“If you want me to learn something, show me where I can use it.”

Perhaps you’ve heard this statement in your line of work, but more often than not, it goes unsaid. The majority of today’s employees struggle to engage with their jobs because they struggle to see the big picture of your organization’s process and how their daily tasks impact your bottom line. Reports also show employees struggle to communicate with leaders and co-workers, creating a disjointed team filled with unengaged employees. Coupling Soft Skills training with lean concepts can help your employees master the soft skills they need to be a highly valued team player who understands what the organization needs to function efficiently.

The first step to developing a healthier organization is to begin building solid Problem-Solving actions into your processes. Our team has identified the following three basic categories employees can use to categorize their problem solving efforts. Your team can be trained to evaluate:

  1. Abnormalities: Results that don’t match planned or specified requirements,
  2. Continuous Improvements: Any action that improves Quality, reduces Cost or shortens Delivery times (QCD), i.e., enhances Competitive Advantages of organizations, groups &/or people, and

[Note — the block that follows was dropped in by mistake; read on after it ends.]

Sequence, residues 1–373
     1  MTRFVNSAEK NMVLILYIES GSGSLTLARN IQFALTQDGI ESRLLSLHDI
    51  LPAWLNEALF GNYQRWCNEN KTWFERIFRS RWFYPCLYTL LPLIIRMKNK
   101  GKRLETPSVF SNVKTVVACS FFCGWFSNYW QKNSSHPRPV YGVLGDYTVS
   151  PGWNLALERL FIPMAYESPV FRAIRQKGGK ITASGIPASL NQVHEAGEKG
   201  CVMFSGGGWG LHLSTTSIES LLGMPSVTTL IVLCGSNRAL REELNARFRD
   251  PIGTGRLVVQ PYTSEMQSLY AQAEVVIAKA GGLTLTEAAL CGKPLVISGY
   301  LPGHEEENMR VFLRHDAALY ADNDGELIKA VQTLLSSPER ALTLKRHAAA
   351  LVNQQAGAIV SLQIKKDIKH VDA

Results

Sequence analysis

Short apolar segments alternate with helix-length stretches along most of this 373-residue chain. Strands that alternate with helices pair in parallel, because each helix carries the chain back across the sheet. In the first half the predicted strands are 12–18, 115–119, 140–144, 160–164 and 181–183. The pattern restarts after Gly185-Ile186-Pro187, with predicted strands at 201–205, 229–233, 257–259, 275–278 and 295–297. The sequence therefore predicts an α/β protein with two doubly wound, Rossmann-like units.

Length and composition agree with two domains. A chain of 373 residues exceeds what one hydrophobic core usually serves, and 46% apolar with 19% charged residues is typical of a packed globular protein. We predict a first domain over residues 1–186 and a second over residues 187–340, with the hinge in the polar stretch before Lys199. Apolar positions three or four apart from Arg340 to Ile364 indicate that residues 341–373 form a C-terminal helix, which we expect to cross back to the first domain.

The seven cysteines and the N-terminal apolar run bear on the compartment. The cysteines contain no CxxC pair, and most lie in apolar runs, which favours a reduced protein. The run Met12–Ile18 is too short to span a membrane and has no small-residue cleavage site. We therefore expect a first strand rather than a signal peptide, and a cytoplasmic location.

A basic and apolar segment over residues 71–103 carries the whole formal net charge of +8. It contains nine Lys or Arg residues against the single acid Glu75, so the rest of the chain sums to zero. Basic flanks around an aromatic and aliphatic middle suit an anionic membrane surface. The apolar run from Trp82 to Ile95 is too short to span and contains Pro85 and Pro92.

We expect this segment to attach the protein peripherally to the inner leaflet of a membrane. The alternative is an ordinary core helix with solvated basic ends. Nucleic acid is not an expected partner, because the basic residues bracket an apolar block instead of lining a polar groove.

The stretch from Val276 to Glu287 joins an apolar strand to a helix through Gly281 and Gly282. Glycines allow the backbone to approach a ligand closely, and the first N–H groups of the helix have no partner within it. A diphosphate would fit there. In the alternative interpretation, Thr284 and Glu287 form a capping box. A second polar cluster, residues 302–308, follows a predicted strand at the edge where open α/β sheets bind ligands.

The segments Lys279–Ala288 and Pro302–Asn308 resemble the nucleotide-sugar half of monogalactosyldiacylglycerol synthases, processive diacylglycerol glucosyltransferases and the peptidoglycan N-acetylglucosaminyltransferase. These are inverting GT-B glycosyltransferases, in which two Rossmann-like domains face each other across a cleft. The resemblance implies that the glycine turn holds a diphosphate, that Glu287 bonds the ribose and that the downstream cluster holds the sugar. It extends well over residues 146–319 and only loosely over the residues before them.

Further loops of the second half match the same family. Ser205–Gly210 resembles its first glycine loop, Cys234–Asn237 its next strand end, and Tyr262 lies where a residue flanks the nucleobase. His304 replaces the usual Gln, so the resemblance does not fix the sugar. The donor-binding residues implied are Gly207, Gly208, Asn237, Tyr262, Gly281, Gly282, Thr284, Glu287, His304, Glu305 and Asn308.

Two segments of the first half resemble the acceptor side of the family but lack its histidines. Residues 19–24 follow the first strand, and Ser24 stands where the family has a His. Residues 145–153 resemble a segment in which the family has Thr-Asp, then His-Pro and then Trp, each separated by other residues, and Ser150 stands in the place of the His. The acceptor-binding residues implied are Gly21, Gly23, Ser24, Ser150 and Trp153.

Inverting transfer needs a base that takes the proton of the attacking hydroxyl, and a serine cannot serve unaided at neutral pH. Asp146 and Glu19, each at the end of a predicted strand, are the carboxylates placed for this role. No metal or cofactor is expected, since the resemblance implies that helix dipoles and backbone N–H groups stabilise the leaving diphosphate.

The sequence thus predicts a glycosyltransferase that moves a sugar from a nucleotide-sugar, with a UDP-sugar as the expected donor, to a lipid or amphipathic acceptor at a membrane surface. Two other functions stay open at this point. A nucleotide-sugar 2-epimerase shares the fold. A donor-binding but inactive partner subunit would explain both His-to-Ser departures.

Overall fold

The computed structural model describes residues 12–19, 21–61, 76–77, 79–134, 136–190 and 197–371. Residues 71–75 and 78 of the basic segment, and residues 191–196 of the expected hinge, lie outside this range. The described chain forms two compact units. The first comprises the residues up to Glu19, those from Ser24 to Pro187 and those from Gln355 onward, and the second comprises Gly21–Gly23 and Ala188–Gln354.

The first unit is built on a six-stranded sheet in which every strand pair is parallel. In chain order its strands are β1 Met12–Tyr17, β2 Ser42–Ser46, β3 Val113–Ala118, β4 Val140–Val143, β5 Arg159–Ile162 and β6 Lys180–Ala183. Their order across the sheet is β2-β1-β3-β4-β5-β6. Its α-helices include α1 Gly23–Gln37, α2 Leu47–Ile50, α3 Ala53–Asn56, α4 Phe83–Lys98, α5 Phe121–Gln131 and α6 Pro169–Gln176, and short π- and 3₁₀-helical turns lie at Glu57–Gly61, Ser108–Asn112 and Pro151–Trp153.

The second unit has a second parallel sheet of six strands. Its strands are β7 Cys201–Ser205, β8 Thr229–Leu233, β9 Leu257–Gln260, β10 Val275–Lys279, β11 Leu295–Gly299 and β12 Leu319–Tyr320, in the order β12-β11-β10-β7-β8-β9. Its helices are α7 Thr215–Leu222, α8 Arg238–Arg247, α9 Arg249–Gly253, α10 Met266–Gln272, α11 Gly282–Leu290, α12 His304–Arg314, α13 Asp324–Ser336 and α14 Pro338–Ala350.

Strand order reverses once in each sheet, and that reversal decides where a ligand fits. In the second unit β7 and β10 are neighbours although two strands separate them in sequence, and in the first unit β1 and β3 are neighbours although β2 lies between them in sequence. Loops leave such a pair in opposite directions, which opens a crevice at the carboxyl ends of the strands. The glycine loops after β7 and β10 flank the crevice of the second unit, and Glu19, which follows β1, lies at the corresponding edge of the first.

3. Missing Information: Information needed to support decision making processes.

Successful problem solving actions directly require improved skills in communications and cooperation/teamwork. As your employees become better at problem solving, they will naturally become better at working within your team and organizational processes. A healthy respect for your existing leaders and organizational structure goes a long way to increasing productivity.

While training technical school students on the career benefits of learning about lean concepts, we found an essay by Dr. Jim Womack – Respect for People – that helps us rethink how we show respect and includes an in-depth exploration of how respect is integral to problem solving.

To increase the problem solving capacity of your employees we recommend using the demonstrated, simple, and effective four-step Training with Industries approach. This same approach helped us win WWII and is easily adaptable to current Education Protocols. It can also be highly effective in winning the battle against poor soft skills in the workforce.

Soft Skills training, including problem solving mastery, involves teaching qualitative skills. To measure the impact of your efforts we recommend using the qualitative Total Quality Management (TQM) plan. The TQM plan includes 8 qualitative criteria to develop an individual success plan for each employee. Each criteria requires individual creative and critical thinking skills. For example, in the Customer focus area, the customer determines level of quality demanded in your industry and the and the organization determines how to live up to that standard. Each employee’s standards of excellence are then shaped by the customer, the industry, the expectations of the organization’s leadership, and their personal desire to serve with excellence thus requiring a unique success plan for each employee.